I thoroughly enjoyed the second Partizan this year, perhaps a little more than even the first. I know this will sound like an old record, but one consistently sees demonstration games of the highest standards at this show. This time we had Steve Jones with an engaging 6mm Napoleonc battle, a very impressive WWI set up by Coltishall, with a distinct nod to Dave Andrews’ tour de force of 2006, the Perries put on a lovely Carlist Wars game which if you squinted a bit looked Napoleonic in almost every way, and The League of Gentleman Wargamers had a Ligny game of the highest standard.
No, things haven’t got that bad quite yet. Credit crunch or no. We are talking paint stripping techniques for plastics, with a warning attached. Or, the latest in the line of Siggins Bench Disasters.
Sometimes I buy up inexpensive batches of figures from eBay, such as Uruk Hai covered in tar, or want to get rid of the factory finish from Heroclix or AT43 models. Normally I use either Simple Green (www.simplegreen.co.uk) or Precision Paint’s SuperStrip, which latter is specially formulated to work on plastic and tackles most jobs admirably. But perhaps because it is from the model railway hobby, it can’t handle everything. Heroclix figures gave me a lot of trouble, as nothing would touch them, while certain AT43 mech finishes won’t budge under anything short of Liquid Poly, which has the unfortunate effect of melting the model as well…
Then someone kindly suggested the acetone approach, either pure or in solution, specifically Cutex nail varnish remover. Broadly speaking this solvent will strip just about anything overnight, leave the plastic as clean and shiny as the day it left the mould, and, if sniffed, clear your head admirably. Given the chance, it will also loosen superglue joints and polish your toenails. It certainly made very light work of acrylic ‘painted’ Riders of Rohan. I am therefore pleased to have a new tool. Prudence suggests, however, that you test an unimportant figure first if going down this road.
On that subject, there is a serious rider. I left a batch of stubborn Mordor orcs in Cutex overnight, as their mystery black primer wasn’t shifting. In short, I couldn’t get home the next day thanks to work, and by the time I returned they had been swimming around for 48 hours. And orcs hate swimming. The primer was dropping off. Good. They were also very, very floppy and felt soft. Bad. It seems that Cutex will take out the paint, and keep on going!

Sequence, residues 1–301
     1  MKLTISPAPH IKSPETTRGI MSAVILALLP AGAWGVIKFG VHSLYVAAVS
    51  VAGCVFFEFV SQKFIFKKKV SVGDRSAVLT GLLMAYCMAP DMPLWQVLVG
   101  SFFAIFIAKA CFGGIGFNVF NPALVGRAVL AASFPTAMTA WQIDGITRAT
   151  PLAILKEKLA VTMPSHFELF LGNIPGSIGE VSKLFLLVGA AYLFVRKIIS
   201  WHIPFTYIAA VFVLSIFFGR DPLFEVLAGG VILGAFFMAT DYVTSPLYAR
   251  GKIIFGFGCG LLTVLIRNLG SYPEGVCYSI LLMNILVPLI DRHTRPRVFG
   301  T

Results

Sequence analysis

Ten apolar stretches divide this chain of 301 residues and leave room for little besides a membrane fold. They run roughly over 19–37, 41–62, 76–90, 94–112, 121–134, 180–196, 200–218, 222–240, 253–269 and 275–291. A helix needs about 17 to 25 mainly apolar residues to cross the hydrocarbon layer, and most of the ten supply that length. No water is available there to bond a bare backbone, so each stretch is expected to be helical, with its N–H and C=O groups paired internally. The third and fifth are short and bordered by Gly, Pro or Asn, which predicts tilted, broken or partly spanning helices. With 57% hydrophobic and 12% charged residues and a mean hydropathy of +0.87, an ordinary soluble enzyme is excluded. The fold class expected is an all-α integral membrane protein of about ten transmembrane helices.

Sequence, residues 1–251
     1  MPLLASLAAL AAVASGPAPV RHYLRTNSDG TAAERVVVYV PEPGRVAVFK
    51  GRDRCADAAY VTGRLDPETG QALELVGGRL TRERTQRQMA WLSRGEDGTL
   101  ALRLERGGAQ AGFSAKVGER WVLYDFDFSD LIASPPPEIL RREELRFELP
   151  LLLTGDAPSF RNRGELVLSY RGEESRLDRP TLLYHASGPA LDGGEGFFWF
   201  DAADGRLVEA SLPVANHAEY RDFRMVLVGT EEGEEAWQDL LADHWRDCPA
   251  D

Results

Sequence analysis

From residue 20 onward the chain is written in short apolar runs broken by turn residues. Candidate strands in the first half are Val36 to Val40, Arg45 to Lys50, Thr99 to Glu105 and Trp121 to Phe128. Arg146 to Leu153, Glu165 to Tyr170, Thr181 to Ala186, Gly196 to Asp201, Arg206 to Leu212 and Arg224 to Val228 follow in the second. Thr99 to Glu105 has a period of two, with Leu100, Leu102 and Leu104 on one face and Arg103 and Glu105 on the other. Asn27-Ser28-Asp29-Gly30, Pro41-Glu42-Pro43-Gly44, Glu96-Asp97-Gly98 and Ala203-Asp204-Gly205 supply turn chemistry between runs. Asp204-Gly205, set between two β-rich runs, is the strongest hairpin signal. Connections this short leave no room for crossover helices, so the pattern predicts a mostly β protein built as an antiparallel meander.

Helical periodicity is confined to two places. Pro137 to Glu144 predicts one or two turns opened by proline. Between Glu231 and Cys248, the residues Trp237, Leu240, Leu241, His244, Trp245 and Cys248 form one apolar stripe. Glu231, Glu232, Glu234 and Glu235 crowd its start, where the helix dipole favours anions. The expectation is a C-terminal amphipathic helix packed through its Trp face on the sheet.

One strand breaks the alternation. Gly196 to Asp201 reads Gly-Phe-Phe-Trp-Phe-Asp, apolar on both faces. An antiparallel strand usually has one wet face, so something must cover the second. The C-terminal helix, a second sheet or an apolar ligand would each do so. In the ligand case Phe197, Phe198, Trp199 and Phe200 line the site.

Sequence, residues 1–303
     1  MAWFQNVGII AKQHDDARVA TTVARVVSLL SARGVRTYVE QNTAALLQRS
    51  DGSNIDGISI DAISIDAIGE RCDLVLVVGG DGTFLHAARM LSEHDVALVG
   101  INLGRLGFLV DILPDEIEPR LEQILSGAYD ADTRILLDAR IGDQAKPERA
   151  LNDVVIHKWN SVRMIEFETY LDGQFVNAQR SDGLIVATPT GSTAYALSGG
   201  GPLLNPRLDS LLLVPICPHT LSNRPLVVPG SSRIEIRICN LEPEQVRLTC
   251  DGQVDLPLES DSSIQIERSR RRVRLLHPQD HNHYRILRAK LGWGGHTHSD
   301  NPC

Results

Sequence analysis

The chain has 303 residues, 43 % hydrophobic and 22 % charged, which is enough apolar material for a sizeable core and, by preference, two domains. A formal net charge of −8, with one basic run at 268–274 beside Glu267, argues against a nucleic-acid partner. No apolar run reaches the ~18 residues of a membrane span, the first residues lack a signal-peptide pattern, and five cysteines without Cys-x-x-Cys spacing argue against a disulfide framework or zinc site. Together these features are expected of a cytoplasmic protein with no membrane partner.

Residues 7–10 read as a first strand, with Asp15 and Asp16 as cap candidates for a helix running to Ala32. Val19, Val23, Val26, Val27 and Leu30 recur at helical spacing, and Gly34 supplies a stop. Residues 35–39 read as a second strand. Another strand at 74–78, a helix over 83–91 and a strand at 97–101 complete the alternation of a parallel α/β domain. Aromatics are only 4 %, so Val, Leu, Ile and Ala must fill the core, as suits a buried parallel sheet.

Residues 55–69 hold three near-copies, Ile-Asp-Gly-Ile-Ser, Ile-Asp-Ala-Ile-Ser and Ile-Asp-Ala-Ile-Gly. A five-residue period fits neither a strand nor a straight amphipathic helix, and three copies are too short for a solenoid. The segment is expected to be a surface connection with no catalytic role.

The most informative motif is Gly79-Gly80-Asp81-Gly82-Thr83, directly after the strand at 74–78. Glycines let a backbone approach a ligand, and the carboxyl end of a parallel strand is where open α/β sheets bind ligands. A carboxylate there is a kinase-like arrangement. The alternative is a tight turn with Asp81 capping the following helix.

I rinsed them in water, and left them to recover. Some thin parts, like swords and spears, were too weak to save. But apart from an overall white cast, the figures seemed fine, as they had slowly re-hardened. The warning is not finished though. I did the soaking in a very hard clear plastic cup, the sort of thing you get M&S trifles in, or beer in rough pubs. The Cutex had weakened this cup at the surface level, in a perfect circle, such that when I picked it up, the bottom fell right off… Cutex everywhere. The smell subsided after three days.
Interesting month, I think prompted by my extended review of Sharp Practice last time. A number of people have commented that I am not as, umm, forthright as I once was and that sometimes Forward Observer looks a lot like the reviews section. I hold my hands up to these comments, having made a conscious decision to produce more positive writing, but would like to think I still criticise when the cap fits (e.g. a lack of Celtic shields).
Normally, this means that I gush uncontrollably when I like something (recently Perry Plastics, Partizan II, Eureka Age of Reason, Alban Miniatures, AK47 and rediscovering Plaka paints), and politely omit commentary when I don’t. The best possible outcome for me is a product that has both good and bad points. And let’s face facts, that covers almost all of them. This gives the opportunity for a bit of analysis, some discussion on relative merits, and probably the best chance of a reader working out whether the rules or figures are for him. Plus, I enjoy the writing process more.
Another factor is that often I don’t have anything to write about. That is partly because I want to avoid repetition most of the time, and also because sometimes, especially in the summer, the hobby fades into the background.
Overall the main reasons for my style adjustment are that I am really enjoying Battlegames and everything it stands for, I work well with Henry, and that there is so much good stuff in the hobby at the moment. There are a lot of products and trends to take in, and many rules and periods to try, and my enthusiasm levels feed off of this blissful state. As I said to my editor, I am just trying to be interesting!